The Boston and Providence Depot at Park Square in Boston, around 1860. Image courtesy of the Boston Public Library.
The station around 1885. Image courtesy of the Boston Public Library.
The scene in 2015:
The Boston and Providence Railroad opened in 1835, at a time when Boston was still a peninsula connected to the mainland by a narrow isthmus. To avoid taking up scarce land, the railroad built a long trestle across the Back Bay, which at the time was a tidal marsh between Boston and Roxbury. The railroad terminal was built here at the edge of the water, at what eventually became Park Square.
The original station from the first photograph was demolished in the early 1870s so that the city could build Columbus Avenue, and it was replaced with the much larger station in the second photograph. In advertisements, it was hailed as “The Palace Depot of the World,” and from here passengers could board a train for Providence, New York, and other points south. However, by the late 19th century there were eight different railroads serving Boston, each of which operated its own separate station. The four railroads on the north side all had terminals near where North Station would be be built in 1893, and three of the south side terminals were located in the immediate vicinity of today’s South Station. The Providence and Worcester depot was the one outlier; it was on the south side, but it was a half mile away from the next closest station.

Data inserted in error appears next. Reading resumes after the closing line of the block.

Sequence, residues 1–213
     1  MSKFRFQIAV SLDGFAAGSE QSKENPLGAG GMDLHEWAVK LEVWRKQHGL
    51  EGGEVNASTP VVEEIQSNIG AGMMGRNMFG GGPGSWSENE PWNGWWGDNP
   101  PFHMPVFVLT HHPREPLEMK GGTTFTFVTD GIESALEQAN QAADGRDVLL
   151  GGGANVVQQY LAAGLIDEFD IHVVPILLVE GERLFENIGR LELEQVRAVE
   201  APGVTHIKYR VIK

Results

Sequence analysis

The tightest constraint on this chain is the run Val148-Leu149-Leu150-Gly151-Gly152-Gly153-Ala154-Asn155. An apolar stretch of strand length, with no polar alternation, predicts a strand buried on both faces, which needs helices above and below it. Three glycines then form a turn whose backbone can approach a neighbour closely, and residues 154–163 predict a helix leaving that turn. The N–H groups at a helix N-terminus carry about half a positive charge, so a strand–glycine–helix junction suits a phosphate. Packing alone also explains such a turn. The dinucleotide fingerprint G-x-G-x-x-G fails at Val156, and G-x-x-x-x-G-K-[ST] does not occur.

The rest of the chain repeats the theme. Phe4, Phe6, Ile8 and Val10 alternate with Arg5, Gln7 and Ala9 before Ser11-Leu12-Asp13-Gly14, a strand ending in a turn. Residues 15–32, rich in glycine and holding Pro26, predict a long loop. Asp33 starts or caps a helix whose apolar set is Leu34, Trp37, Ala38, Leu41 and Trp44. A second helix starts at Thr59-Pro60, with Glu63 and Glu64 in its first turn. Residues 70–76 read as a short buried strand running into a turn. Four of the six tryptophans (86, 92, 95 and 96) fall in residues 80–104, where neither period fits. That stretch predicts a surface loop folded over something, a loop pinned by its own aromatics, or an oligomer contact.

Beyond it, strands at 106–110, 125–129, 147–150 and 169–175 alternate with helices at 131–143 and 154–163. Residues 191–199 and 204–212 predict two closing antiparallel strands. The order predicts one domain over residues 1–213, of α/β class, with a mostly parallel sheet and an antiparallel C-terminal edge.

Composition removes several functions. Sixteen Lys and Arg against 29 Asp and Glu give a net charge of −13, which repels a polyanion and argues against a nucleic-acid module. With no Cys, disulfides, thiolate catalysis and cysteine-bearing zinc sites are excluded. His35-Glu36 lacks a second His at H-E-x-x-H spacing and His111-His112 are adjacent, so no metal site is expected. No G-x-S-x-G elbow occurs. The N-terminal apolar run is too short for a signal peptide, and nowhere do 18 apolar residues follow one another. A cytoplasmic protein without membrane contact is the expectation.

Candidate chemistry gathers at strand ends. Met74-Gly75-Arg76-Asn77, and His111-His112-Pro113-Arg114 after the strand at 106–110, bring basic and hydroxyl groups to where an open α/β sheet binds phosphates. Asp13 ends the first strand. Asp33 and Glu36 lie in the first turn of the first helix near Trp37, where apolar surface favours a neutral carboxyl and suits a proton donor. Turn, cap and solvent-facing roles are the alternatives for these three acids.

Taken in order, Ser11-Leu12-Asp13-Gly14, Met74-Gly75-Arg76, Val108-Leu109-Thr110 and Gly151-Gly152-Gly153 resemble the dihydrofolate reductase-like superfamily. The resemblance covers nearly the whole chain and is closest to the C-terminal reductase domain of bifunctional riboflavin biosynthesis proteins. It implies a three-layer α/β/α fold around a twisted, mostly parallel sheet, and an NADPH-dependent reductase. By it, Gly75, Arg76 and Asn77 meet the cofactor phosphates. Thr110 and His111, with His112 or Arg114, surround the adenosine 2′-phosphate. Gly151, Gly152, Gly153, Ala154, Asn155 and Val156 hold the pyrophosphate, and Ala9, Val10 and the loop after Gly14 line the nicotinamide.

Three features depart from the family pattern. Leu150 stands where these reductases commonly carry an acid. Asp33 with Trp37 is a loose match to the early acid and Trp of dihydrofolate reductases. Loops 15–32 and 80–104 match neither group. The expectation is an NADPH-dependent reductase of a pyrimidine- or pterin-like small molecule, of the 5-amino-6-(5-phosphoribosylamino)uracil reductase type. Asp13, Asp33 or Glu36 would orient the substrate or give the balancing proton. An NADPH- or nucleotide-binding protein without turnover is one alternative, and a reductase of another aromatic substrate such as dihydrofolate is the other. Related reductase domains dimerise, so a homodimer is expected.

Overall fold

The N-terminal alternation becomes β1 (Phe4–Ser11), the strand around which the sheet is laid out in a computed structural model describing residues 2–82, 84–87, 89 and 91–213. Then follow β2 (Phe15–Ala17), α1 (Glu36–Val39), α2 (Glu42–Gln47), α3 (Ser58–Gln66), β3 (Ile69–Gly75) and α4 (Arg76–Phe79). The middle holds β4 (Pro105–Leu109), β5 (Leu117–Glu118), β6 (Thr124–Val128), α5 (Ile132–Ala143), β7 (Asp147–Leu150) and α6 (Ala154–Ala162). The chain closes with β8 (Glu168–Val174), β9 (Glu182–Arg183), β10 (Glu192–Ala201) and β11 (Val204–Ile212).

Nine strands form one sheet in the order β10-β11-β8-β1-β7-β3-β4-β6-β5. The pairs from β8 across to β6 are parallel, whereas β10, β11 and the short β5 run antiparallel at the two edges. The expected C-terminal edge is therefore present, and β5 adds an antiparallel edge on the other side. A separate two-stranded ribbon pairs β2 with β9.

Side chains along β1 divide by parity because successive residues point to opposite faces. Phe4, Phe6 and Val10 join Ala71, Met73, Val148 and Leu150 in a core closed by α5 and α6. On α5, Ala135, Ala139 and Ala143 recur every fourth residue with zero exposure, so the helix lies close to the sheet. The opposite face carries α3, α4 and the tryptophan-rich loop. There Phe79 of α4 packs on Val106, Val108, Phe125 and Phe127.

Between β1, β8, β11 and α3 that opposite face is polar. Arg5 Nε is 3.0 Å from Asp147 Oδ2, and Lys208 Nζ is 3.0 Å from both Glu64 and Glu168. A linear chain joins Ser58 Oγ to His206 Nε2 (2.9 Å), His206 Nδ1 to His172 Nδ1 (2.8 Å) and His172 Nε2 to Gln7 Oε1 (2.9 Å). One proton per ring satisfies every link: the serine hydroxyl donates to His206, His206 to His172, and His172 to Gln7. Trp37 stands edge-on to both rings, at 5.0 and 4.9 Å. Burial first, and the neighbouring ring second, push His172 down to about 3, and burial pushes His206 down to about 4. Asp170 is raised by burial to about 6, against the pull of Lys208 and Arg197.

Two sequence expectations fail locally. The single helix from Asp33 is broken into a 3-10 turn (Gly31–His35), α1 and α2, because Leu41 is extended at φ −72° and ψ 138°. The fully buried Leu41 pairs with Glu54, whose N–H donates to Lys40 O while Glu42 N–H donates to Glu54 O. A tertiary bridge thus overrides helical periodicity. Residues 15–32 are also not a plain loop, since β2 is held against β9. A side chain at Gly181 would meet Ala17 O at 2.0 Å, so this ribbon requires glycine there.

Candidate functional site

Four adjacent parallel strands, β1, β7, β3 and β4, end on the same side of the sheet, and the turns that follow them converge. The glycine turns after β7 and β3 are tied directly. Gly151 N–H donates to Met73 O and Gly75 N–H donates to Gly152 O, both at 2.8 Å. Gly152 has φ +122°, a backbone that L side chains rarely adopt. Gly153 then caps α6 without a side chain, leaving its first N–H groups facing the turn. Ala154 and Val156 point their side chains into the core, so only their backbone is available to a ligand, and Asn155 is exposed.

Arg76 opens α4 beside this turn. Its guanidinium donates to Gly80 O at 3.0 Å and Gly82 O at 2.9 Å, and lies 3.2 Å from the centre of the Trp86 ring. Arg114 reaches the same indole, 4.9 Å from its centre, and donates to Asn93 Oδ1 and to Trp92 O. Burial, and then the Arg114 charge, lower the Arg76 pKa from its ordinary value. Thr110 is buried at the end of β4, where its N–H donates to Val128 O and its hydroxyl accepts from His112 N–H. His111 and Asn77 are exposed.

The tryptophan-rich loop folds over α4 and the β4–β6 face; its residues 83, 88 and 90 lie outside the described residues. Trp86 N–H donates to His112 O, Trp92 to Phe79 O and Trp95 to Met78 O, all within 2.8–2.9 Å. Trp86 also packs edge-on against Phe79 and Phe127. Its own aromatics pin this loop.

Because the multiple stations were both inconvenient for passengers and a waste of valuable property, the four south side railroads finally consolidated into South Station in 1899. This station and the tracks leading to it were closed, and the railroad, which by then had been leased to the New York, New Haven and Hartford, was rerouted onto new tracks, parallel to the Boston & Albany Railroad.
Today, none of the buildings from the first two photos are still standing. The site of the station is now the Boston Park Plaza Hotel, which was built in 1927 as the Hotel Statler Boston in the triangular block between Columbus Avenue, Park Plaza, and Arlington Street. The only visible remnant from the first photo is the Emancipation Memorial statue, which was added to Park Square in 1879 and can be seen on the far left of both photos.